It’s crazy how the naiveté of youth can amplify shit like that. Like, it feels like the end of the world when you have to call your parents and tell them you need a couple hundred bucks to be able to function in society again. You don’t know how they’ll respond so you fear the worst. You assume they have no idea what you’re going through and are indifferent to your feelings. You assume they’re as selfish as you are and are only going to see this as letting them down.
But yeah, so there was my dad, at arguably his most vulnerable. This was before he met my mom so he didn’t have her to turn to. His rock today, he tells me. He had to rely on these friends on the other side of the door. Dudes he mostly talked to about Doctor Who and Murakami novels. One of them took point—my dad’s roommate in college and the guy with the couch.
It’s cool, he said. We put it in rice. It might start back up. And if it doesn’t just go to the Apple Store. You might have insurance. You didn’t get it that long ago, right? I feel like those things are covered for like a year.
A laugh/sob surge from my father’s vocal chords. It’s only been a couple months. I literally justgot this thing. I’m such a fucking idiot.
No you’re not, dude. Carl was just saying this happened to him last summer. Someone pushed me in with my Razr back when those were a thing. Just go to the Apple Store. They’ll help you out.
So he did. Went to the Apple Store, that is. They weren’t too different back then but I mean I’m sure you’ve seen pictures. All sleek chrome and white or whatever. Lotta glass. “Geniuses” with lanyards. Kids playing games on laptops elegantly chained to tables. You know the drill. He walked in there, still kind of hyperventilating, after a nervous drive where he almost ran a red light and crashed into oncoming traffic before he caught himself, thinking he shouldn’t be behind the wheel, instinctively reaching for his phone to put some music on through the AUX setup in his car, hell of a time finding parking, busy Sunday.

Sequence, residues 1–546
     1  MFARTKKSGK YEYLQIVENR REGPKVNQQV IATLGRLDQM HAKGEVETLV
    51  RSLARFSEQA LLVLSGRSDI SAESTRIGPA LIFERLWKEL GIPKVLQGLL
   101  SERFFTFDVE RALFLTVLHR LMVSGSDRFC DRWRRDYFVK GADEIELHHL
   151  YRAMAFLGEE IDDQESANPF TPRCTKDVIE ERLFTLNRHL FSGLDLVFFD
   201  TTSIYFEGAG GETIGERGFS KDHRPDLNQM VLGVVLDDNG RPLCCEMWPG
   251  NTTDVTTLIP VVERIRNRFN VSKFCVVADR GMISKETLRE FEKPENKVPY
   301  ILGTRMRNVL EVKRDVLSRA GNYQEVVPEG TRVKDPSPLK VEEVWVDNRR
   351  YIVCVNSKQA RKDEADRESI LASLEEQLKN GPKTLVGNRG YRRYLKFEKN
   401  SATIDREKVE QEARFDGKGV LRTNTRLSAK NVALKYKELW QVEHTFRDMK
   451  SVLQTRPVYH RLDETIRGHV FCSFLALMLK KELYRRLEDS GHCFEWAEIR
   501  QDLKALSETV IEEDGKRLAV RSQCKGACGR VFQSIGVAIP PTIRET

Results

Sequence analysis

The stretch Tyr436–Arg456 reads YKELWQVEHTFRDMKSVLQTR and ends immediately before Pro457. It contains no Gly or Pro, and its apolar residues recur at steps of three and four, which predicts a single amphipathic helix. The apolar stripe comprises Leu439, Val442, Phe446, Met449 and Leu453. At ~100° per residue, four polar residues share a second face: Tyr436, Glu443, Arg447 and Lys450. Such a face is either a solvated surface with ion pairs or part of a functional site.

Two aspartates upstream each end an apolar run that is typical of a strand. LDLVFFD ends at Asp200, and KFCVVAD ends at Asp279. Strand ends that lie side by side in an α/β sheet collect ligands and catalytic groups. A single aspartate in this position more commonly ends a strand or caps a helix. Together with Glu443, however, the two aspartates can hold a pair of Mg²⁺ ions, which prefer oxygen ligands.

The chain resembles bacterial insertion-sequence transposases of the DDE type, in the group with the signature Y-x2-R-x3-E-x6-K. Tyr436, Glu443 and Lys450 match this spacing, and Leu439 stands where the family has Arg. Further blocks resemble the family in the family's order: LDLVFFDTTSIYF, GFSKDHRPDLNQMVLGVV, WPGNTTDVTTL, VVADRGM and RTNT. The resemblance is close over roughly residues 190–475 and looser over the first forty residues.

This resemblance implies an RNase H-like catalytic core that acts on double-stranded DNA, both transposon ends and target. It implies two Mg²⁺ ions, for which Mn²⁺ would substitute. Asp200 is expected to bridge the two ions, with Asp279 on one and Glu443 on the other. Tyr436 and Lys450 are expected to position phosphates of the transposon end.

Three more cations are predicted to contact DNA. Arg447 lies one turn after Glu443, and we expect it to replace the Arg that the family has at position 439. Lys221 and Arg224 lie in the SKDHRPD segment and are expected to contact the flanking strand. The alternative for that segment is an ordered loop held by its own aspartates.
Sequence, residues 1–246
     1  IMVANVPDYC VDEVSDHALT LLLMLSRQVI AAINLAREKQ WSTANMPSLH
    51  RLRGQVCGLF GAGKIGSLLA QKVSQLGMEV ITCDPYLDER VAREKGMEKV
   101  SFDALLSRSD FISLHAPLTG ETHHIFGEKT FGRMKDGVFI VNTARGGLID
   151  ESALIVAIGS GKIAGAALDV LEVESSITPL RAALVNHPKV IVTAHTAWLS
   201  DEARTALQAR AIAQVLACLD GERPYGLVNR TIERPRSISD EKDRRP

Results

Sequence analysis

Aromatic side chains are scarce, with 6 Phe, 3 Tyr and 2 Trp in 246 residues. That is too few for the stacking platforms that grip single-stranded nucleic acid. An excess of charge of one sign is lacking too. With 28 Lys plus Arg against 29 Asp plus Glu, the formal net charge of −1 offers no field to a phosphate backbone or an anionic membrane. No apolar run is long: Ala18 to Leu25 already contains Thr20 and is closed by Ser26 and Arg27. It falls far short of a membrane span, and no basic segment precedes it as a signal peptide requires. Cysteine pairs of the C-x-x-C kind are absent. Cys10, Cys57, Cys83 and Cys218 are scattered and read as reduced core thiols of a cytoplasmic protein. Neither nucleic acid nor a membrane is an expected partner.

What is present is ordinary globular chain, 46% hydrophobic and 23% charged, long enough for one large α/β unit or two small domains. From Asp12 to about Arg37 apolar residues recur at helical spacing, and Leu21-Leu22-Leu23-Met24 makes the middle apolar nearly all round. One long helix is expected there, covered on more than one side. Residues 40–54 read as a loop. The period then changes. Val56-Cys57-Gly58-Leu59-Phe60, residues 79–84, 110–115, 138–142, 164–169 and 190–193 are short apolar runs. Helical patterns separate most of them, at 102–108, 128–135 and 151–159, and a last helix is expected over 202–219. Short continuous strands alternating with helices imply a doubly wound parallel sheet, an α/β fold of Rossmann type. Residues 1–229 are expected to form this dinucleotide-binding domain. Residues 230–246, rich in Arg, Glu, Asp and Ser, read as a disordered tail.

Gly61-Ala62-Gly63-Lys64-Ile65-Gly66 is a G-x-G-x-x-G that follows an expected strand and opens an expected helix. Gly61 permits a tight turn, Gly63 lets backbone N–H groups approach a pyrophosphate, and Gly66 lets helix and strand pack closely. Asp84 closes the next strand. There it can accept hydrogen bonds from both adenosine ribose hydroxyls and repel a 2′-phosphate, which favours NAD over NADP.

Guy helped him out soon as he walked in, sensing his nerves, How can I help you or whatever they’re taught to say in there. My dad feebly presented his phone, still essentially sopping wet (if he shook it, water would come out the headphone port).
My phone went for a little swim.
Let’s check it out. Crack it open look at some stuff on the inside. This or that said the genius it was beyond recovery. Are you covered by Apple Care?
I don’t know.
I’ll check for you.
Too long checking. Took for-fucking-ever, Dad said. That moment stretched out into years, he biting his nails, genius doing god knows what on an iPad. How could it take so long? Just a search right? Name, serial number or some such intel.
Unfortunately yada yada yada you’re fucked the world is over everything dies we had a good run didn’t we Leo-nard Bern-stein! You get it. Things blurred for daddy-o. Tunnel vision, felt like he was gonna faint. You okay, man? A human moment from the genius. A recognition. Sympathy, empathy, whichever one applies here. A hand on the shoulder to steady the swaying. Human contact. Too sweet for my dad, who at this point was having to hold back tears. That hot embarrassment of crying in public, appearing vulnerable in front of a masculine world.